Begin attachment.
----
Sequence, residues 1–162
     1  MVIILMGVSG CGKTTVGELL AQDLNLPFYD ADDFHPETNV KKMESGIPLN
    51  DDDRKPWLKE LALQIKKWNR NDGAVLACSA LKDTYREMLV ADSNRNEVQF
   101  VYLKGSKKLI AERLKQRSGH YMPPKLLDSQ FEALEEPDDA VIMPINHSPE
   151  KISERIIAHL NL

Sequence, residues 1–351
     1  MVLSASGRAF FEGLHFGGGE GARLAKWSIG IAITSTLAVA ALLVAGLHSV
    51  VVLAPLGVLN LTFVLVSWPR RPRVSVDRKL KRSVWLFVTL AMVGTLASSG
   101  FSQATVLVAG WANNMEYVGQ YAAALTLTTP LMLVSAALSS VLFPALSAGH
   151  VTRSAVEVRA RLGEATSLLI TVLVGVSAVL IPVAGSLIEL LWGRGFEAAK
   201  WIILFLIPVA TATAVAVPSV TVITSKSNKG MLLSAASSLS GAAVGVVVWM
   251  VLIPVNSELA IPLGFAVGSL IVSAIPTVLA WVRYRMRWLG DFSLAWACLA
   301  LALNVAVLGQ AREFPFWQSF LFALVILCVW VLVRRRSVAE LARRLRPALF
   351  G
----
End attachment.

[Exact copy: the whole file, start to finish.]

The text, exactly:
Sequence, residues 1–162
     1  MVIILMGVSG CGKTTVGELL AQDLNLPFYD ADDFHPETNV KKMESGIPLN
    51  DDDRKPWLKE LALQIKKWNR NDGAVLACSA LKDTYREMLV ADSNRNEVQF
   101  VYLKGSKKLI AERLKQRSGH YMPPKLLDSQ FEALEEPDDA VIMPINHSPE
   151  KISERIIAHL NL

Sequence, residues 1–351
     1  MVLSASGRAF FEGLHFGGGE GARLAKWSIG IAITSTLAVA ALLVAGLHSV
    51  VVLAPLGVLN LTFVLVSWPR RPRVSVDRKL KRSVWLFVTL AMVGTLASSG
   101  FSQATVLVAG WANNMEYVGQ YAAALTLTTP LMLVSAALSS VLFPALSAGH
   151  VTRSAVEVRA RLGEATSLLI TVLVGVSAVL IPVAGSLIEL LWGRGFEAAK
   201  WIILFLIPVA TATAVAVPSV TVITSKSNKG MLLSAASSLS GAAVGVVVWM
   251  VLIPVNSELA IPLGFAVGSL IVSAIPTVLA WVRYRMRWLG DFSLAWACLA
   301  LALNVAVLGQ AREFPFWQSF LFALVILCVW VLVRRRSVAE LARRLRPALF
   351  G